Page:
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Federico Lombardi, S.J. (born 29 August 1942[2]) is an Italian Catholic priest and the former director of the Holy See Press Office. He succeeded Joaquín Navarro-Valls and was succeded by Greg Burke. Lombardi serves as the postulator for the beatification and canonization cause of Father Bernardo Mattio.[3]

Federico Lombardi

Director Emeritus of the Holy See Press Office
ChurchRoman Catholic Church
Appointed11 July 2006
Term ended1 August 2016
PredecessorDr. Joaquín Navarro-Valls
SuccessorGreg Burke[1]
Ordination2 September 1972
Personal details
Birth nameFederico Lombardi
Born (1942-08-29) 29 August 1942 (age 76)
Saluzzo, Piedmont, Italy
DenominationCatholic Church
Previous post
Ordination history of
Federico Lombardi
Priestly ordination


Early life and ordinationEdit

Lombardi was born in Saluzzo, Piedmont, Italy, and was trained in mathematics and studied theology in Germany. He became a Jesuit priest in 1972, and then worked for the influential Jesuit-run magazine, La Civiltà Cattolica, and served as superior of the Jesuits' Italian province.[4]

Vatican RadioEdit

Lombardi was named program director (1991) and later director general (2005) of Vatican Radio. He was also made general director of the Vatican Television Centre in 2001; a position he held until 2013 and in which he was succeeded by Dario Edoardo Viganò.

Press Office of the Holy SeeEdit

On 11 July 2006 Pope Benedict XVI appointed him director of the Vatican Press Office, replacing Joaquín Navarro-Valls, a layman who had held the post for 22 years.[5] Lombardi's appointment to the Press Office of the Holy See merged with it the leadership of Vatican Radio and Vatican Television Center as well, as he continued to hold those directorships.[4]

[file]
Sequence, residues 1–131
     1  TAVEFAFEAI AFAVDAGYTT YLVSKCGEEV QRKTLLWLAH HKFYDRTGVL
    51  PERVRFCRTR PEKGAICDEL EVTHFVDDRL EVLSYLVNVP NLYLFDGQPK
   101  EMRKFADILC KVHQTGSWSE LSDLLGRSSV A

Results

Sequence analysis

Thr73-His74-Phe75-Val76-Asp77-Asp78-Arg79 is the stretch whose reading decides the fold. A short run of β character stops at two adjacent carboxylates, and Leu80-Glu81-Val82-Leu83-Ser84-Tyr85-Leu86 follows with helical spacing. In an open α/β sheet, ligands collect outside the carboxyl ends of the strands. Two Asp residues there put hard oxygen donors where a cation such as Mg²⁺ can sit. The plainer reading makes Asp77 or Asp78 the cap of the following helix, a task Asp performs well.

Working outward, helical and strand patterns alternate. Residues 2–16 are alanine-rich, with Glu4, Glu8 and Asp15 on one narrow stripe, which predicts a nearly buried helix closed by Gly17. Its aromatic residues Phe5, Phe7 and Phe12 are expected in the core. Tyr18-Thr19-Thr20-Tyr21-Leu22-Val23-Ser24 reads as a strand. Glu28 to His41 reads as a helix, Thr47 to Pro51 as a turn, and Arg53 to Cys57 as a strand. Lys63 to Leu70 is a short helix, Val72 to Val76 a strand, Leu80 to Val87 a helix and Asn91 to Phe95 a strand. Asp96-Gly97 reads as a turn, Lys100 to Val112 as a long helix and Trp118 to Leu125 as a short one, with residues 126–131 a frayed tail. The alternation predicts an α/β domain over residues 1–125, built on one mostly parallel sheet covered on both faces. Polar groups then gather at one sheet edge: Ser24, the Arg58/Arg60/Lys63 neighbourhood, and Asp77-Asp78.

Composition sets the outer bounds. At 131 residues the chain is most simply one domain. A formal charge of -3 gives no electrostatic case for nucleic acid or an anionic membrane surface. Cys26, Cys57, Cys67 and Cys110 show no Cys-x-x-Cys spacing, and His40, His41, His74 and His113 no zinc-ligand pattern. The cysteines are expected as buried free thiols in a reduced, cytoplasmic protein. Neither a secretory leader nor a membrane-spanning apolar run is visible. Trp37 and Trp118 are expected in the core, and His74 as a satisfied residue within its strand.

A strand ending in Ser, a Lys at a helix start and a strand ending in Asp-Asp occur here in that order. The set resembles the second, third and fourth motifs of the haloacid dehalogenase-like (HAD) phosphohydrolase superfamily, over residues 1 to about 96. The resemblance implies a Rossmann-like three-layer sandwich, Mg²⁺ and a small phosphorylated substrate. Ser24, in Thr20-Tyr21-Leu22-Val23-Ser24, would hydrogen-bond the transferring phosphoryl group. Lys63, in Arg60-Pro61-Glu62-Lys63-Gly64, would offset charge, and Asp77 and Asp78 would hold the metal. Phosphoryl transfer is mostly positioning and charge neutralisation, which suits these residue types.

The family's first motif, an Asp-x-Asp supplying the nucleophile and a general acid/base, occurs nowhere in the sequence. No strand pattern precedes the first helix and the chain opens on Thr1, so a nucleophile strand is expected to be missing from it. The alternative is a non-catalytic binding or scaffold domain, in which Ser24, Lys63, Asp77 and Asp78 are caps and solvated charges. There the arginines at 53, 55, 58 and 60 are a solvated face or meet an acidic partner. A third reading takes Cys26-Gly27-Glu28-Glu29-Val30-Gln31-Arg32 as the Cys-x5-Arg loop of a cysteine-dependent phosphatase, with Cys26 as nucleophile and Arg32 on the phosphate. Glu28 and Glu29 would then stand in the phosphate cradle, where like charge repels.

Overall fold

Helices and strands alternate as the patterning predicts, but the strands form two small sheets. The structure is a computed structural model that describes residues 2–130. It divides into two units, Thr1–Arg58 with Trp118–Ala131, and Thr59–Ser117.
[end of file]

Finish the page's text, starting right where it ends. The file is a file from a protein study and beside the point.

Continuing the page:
Upon assuming the directorate, Lombardi said he would not be a papal "spokesman" since he believes Benedict XVI did not need an interpreter, saying, "I don't think my role is to explain the Pope's thinking or explain the things that he already states in an extraordinarily clear and rich way."[6] He is considered to have taken a more low-key approach than his predecessor.[6]

Crises in communicationEdit

In an editorial for "Octava Dies", a weekly program of the Vatican Television Center, he criticized statements made by Bishop Richard Williamson denying the extent of the Holocaust.[7] Lombardi was later criticized himself by Cardinal Dario Castrillon Hoyos over the problems in communication revealed during the affair.[8]

Lombardi said that the Pope had never been a member of the Hitler Youth, but journalists quickly pointed out to him that Cardinal Ratzinger, later Pope, had admitted this himself in the 1997 book Salt of the Earth.[9]

In 2009 Lombardi said that in "cases like Pope Benedict XVI’s Regensburg discourse, the Bishop Williamson affair, or the controversy over Pope Benedict XVI’s statements regarding condoms and the spread of HIV and AIDS in Africa ... once the first wave of criticism had passed, people were able to do some real hard thinking ... subsequent reflections were serious, penetrating and well-argued."[10]